Happy Spring!

-Lydia

 

Resurrection Day Invitation to Play – Easter Crafts

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During a season of bunnies, chicks, and eggs, it can be hard to direct our children toward the real meaning of Easter. This year, I wanted something that was hands-on and interactive but not a typical craft project. I came up with an Easter Invitation to Play that was God focused and reviewed many of the truths we have been learning the last few weeks.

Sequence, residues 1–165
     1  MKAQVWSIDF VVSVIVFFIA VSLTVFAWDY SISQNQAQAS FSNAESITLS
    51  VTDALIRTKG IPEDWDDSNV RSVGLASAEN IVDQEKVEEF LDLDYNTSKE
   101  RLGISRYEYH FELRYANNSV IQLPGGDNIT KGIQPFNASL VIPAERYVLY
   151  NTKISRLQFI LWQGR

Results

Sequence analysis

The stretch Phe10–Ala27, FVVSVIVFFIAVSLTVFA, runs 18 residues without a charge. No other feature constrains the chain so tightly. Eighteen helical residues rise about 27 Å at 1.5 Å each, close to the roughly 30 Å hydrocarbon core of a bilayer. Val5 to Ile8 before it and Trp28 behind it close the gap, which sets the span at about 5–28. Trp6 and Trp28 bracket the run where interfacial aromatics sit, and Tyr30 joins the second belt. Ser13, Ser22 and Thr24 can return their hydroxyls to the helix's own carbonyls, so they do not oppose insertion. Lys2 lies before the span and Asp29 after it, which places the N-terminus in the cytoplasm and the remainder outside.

I think there are a lot of ways to do this, but here’s what we used. You can tweak this to adapt to your materials and needs.image

White Play dough
Green Play dough
Three toothpicks or small sticks to serve as crosses
Pom-poms or small flowers
A strip of fabric or paper
Small pieces of paper or stones where you have written examples of sins
The bottom portion cut out of a cup